Those selling home-cooked food to generate income during the pandemic could end up paying Rs 5 lakh as fine and imprisonment for up to six months, depending on the nature of the offence committed, if they fail to comply with the Food Safety and Standards Authority of India (FSSAI)’s rules making registration mandatory before selling to customers.
During the lockdown, many people started selling home-made food to make ends meet. Several people entered the food business offering homemade items like bakery products such as cakes and pastries, among others. However, many are not aware of the perils of failing to get registered first.
With several aggregators offering home-cooked food at low prices to attract customers, Adarsh Shetty, ex-president and advisor to AHAR -Indian Hotel and Restaurant Association said, "When you open a food delivery app, advertisements pop up such as those advertising biryani at Rs 150. From where is this low cost food made available, as restaurants/hotels won't sell food at such low prices? The answer is, it comes from the homemade food suppliers. The aggregators pick up the food from them. Since the home made food is indirectly competing with the local restaurants and hotels they should be registered and we welcome FSSAI insistence on registration."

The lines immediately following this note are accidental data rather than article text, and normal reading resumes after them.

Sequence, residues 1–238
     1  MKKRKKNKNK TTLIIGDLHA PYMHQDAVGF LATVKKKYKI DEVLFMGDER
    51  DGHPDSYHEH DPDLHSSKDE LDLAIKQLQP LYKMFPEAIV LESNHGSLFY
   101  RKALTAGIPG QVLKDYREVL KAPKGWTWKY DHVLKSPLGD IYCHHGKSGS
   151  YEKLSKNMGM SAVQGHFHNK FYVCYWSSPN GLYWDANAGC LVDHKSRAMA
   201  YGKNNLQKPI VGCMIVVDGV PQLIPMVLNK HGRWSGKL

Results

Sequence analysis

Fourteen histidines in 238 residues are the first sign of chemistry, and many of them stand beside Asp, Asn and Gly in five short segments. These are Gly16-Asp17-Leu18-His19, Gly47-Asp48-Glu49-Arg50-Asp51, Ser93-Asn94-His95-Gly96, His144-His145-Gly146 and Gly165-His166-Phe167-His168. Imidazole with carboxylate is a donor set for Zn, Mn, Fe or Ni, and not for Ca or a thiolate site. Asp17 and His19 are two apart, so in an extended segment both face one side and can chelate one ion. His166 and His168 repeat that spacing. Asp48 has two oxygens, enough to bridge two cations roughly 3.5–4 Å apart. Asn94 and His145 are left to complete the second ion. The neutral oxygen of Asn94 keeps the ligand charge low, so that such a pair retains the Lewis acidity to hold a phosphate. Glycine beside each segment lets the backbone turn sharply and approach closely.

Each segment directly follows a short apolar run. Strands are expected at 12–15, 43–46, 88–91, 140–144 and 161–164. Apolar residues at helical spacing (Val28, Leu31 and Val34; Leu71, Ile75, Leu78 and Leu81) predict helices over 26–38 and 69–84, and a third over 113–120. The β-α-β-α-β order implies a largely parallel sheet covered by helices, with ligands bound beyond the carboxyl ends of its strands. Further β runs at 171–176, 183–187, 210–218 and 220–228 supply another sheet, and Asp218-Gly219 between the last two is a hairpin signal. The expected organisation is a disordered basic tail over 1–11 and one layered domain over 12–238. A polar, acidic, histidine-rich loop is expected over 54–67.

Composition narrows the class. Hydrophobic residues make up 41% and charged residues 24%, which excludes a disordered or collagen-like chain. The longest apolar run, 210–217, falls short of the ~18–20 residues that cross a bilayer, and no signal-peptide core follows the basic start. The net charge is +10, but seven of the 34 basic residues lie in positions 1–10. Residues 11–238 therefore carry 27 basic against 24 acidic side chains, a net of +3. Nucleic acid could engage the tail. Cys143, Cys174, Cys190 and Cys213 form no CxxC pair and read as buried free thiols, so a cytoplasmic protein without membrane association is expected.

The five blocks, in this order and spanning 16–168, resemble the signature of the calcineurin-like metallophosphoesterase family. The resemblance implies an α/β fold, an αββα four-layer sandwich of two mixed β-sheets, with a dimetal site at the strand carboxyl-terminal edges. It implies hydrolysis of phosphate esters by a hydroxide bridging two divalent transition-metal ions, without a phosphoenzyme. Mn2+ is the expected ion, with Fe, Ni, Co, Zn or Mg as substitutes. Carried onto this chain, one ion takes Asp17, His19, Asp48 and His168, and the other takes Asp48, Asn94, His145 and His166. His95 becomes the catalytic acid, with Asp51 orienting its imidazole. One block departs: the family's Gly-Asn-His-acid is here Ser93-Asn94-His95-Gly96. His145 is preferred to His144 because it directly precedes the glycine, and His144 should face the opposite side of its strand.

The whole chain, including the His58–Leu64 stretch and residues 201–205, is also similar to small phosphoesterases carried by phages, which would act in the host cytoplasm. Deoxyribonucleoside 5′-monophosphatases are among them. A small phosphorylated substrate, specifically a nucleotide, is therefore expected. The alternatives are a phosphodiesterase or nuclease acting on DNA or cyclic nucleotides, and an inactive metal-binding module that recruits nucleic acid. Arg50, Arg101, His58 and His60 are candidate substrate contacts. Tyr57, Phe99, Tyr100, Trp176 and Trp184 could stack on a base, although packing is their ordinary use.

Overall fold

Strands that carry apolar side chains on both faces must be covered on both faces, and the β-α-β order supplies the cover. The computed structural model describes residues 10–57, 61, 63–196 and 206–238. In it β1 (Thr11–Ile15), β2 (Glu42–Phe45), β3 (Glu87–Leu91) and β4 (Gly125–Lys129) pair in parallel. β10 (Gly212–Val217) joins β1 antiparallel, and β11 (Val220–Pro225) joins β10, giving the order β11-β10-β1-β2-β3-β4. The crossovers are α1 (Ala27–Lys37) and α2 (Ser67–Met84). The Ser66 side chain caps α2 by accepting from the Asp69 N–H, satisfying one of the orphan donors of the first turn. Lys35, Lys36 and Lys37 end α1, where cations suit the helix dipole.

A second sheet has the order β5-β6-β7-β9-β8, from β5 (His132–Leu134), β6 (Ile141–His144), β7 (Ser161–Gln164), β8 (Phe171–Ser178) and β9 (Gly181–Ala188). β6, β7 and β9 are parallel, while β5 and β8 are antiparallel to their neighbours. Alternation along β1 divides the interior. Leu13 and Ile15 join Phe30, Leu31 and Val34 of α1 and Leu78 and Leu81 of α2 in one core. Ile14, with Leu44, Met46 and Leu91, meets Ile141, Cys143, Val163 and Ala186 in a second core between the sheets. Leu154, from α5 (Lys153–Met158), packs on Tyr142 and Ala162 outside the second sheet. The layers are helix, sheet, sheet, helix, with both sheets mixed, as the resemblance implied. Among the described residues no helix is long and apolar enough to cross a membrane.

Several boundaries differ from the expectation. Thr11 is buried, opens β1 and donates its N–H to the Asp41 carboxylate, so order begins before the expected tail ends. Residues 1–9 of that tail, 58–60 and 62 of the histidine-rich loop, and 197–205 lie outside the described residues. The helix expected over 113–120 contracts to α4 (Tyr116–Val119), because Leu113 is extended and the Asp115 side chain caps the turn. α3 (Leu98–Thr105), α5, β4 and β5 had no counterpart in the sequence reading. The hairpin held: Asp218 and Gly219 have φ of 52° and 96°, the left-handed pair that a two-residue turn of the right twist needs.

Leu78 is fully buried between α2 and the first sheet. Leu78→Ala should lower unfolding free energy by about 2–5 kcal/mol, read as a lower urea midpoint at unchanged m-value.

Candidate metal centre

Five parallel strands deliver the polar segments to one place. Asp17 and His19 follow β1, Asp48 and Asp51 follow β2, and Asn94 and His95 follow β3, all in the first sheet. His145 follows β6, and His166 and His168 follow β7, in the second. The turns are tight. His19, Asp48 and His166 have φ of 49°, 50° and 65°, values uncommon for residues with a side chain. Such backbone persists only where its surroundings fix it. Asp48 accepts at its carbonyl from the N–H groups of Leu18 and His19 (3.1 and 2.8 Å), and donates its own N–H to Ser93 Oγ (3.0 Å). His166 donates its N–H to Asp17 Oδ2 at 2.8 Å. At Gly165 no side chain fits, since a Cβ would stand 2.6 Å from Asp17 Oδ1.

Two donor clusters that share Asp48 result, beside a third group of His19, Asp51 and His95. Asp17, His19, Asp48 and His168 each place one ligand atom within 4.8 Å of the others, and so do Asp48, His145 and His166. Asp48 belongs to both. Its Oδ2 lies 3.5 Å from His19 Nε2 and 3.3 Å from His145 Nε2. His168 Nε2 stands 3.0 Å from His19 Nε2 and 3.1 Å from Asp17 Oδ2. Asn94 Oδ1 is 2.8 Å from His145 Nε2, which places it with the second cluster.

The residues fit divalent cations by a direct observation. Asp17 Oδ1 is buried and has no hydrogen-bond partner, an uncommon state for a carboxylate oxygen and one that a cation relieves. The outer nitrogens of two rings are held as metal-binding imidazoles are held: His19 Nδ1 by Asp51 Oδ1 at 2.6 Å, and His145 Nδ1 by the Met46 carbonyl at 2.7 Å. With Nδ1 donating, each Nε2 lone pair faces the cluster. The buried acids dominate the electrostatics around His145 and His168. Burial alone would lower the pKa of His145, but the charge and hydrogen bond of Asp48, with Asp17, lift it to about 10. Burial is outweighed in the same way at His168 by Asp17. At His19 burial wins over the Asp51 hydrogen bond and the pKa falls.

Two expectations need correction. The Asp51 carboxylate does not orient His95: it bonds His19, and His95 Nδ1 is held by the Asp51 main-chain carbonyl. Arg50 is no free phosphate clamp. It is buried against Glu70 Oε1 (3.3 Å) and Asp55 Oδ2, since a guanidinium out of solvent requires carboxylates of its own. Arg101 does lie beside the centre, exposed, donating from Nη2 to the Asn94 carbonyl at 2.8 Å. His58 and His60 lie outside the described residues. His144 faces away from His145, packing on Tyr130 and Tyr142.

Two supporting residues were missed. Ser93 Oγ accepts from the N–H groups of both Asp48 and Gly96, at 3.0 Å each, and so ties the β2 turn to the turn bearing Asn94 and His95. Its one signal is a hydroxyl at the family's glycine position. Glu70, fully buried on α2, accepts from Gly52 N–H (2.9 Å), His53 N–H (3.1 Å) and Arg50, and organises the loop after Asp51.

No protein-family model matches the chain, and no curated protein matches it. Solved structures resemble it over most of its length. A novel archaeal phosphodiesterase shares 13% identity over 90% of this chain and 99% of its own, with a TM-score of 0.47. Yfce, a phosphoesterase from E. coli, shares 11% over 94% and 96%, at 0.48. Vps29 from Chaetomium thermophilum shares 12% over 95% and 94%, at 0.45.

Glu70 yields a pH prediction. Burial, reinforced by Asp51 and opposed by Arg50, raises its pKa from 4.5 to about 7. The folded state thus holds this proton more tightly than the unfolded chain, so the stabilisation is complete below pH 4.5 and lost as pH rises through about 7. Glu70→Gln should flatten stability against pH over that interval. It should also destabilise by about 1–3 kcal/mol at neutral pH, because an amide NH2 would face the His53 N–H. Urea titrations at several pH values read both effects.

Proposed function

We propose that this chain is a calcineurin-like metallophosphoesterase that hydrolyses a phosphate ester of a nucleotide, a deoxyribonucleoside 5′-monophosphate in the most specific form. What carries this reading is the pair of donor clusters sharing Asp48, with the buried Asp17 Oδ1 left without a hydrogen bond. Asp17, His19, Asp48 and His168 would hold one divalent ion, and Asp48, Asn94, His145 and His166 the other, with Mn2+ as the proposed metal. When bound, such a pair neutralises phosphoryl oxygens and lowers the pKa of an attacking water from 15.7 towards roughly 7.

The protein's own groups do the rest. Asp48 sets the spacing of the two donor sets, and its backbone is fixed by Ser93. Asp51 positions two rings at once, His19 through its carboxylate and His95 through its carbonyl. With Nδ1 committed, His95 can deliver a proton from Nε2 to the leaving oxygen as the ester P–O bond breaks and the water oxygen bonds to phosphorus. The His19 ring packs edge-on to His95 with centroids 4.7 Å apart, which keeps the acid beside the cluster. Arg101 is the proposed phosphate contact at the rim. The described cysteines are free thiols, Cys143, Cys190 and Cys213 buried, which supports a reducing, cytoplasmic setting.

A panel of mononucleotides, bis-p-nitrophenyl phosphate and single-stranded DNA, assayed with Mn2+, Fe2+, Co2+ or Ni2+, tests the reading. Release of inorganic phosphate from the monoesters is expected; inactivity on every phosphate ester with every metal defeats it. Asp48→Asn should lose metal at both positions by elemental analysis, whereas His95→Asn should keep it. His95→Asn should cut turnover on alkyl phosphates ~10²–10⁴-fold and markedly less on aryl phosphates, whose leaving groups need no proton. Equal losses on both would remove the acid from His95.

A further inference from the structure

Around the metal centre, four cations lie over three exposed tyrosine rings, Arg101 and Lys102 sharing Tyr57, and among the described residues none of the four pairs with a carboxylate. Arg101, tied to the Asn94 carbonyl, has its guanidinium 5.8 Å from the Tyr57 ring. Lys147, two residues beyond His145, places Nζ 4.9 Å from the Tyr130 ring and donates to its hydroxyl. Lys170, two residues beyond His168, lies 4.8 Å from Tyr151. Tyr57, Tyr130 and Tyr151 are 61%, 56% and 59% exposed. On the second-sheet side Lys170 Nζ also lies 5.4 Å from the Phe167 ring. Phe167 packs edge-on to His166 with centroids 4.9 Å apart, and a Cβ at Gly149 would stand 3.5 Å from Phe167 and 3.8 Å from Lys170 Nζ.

Shetty said the registration process is very simple, but many are not aware of it. Asked whether home chefs are eating into the business of restaurants, Shetty replied, "It’s not as such, because homemade food sellers may not supply food in bulk quantity like any restaurant/hotel can do in minutes. They are not our competitors because the aggregators are acting merely as a delivery agent for them. The only point is they all should register."
To avoid consequences, one can simply visit the FSSAI website and follow the procedures specified. Registration can be completed by uploading a photo ID and photo.